Regulatory Wrap-Up: Weekly recap of retail-related legislative developments-April 22
Colorado – House-approved legislation to repeal the state’s minimum wage preemption barring local governments from having a wage rate that is different than the statewide minimum, was heavily amended in the senate, including a problematic amendment related to the tipped wage. The bill will see further changes before final passage in the senate. That version must be adopted by the house or reconciled with the house bill in a conference committee. The differences must be worked out before the fast-approaching conclusion of the legislative session.
Idaho – The secretary of state has authorized minimum wage proponents to begin collecting the necessary signatures to qualify for placement of a measure on the 2020 ballot. The initiative, as written, would use a yet to be determined formula to increase the state’s tipped wage and eliminate the training wage.
Louisiana – A bill that would eliminate a state preemption on minimum wage, allowing localities to raise their minimum wage levels above the state rate, was diverted to the house labor committee likely killing it for the year.
Oregon – On a party line vote, the senate approved legislation to eliminate a subminimum wage for people with disabilities. Action moves to the house where a similar outcome is expected.
Vermont – The house speaker announced that over the next few weeks, he would prioritize legislation to increase the state’s minimum wage to $15/hr. Debate continues regarding the length of the phase-in as well as the specifics of a proposed training wage.
Colorado – The bill to establish a paid family leave program passed its second senate committee and will advance to the full senate. The previously-amended bill reduces the amount employers must contribute, extends the enactment date to 2023 and allows employers with equivalent programs to opt-out. The version that emerges from the senate is expected to be adopted by the house; otherwise, the two would need to be reconciled in a conference committee, either of which must occur before the fast-approaching conclusion of the legislative session.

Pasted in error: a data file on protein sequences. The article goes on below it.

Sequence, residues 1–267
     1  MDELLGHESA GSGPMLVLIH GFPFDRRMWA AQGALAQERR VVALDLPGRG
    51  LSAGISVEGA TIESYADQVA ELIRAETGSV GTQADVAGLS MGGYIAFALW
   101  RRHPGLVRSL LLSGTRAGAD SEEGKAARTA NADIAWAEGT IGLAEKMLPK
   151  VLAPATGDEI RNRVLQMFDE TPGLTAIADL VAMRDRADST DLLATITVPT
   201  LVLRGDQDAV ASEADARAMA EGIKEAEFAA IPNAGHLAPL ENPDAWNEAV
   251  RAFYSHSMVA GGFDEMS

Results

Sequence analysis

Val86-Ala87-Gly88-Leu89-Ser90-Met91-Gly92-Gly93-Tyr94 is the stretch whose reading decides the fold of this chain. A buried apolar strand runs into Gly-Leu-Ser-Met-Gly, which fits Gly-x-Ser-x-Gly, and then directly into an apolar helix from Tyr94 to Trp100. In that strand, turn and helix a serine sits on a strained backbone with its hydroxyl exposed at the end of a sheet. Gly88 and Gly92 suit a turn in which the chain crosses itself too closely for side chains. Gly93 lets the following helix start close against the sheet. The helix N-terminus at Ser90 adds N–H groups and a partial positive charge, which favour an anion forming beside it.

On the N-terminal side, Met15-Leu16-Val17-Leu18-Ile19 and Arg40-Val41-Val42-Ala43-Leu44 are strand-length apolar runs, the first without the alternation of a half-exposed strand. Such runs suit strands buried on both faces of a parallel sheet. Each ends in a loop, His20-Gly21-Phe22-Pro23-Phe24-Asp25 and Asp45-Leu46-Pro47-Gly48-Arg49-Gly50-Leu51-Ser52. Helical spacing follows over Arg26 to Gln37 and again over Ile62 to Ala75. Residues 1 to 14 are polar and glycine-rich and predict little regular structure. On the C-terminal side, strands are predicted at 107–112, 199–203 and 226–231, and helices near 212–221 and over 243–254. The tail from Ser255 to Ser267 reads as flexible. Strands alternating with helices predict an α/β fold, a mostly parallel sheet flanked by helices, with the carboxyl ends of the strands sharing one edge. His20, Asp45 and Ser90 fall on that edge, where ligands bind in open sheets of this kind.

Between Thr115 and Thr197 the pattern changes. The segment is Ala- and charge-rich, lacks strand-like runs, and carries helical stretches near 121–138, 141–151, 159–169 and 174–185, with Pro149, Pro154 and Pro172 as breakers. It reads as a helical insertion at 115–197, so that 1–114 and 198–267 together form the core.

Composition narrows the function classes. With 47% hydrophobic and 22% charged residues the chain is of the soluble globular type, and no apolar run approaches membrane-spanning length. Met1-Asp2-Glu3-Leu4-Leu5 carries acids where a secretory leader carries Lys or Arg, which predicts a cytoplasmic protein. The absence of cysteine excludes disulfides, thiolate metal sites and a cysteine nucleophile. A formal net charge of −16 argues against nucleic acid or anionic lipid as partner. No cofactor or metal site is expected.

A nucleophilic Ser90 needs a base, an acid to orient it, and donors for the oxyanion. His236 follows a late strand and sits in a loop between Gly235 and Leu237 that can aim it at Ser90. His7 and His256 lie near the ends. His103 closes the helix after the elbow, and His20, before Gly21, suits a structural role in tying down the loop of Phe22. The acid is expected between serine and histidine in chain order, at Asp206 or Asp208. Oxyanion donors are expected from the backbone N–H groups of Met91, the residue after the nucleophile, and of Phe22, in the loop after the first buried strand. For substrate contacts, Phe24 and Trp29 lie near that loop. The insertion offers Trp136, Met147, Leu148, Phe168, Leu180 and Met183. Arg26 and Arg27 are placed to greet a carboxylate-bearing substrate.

Maine – A bipartisan compromise was reached in committee on legislation to establish a paid sick leave mandate. The new language would impact businesses with more than 10 employees and would preempt local governments from enacting their own benefit levels.
New York – The governor signed a bill into law that allows any employee that is a registered voter up to three hours of paid time off (at the beginning or end of their shift) to vote on the day of a primary, special or general election for local, state and federal elections. The law is effective immediately.
Vermont – The house speaker stated he would work to advance legislation in the coming weeks that would establish a statewide paid leave program. The specific language is still under debate.
Alabama – Franchisee “bill of rights” legislation continues to advance in the senate and house. The bill as introduced would significantly alter existing franchise agreements for most major brands.
Colorado – The senate approved a far-reaching equal pay measure. It would, among other provisions, prevent employers from asking prospective employees about their salary history and also create a private right of action. The bill has one more committee stop in the house before it moves to the floor.
Illinois – The governor signed into law a bill that bars local governments from establishing so-called right-to-work zones.
Maine – The governor signed a pay equity bill into law prohibiting employers from asking a prospective worker their salary history.